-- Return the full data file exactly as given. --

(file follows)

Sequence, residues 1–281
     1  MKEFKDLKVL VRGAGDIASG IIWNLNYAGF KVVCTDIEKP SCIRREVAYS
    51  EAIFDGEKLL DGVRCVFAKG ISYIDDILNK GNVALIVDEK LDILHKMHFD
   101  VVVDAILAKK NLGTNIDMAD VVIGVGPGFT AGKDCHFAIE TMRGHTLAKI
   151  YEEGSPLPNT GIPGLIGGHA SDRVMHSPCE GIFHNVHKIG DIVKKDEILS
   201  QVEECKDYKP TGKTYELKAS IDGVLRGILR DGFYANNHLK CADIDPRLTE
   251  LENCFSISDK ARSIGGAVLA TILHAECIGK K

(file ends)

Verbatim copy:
Sequence, residues 1–281
     1  MKEFKDLKVL VRGAGDIASG IIWNLNYAGF KVVCTDIEKP SCIRREVAYS
    51  EAIFDGEKLL DGVRCVFAKG ISYIDDILNK GNVALIVDEK LDILHKMHFD
   101  VVVDAILAKK NLGTNIDMAD VVIGVGPGFT AGKDCHFAIE TMRGHTLAKI
   151  YEEGSPLPNT GIPGLIGGHA SDRVMHSPCE GIFHNVHKIG DIVKKDEILS
   201  QVEECKDYKP TGKTYELKAS IDGVLRGILR DGFYANNHLK CADIDPRLTE
   251  LENCFSISDK ARSIGGAVLA TILHAECIGK K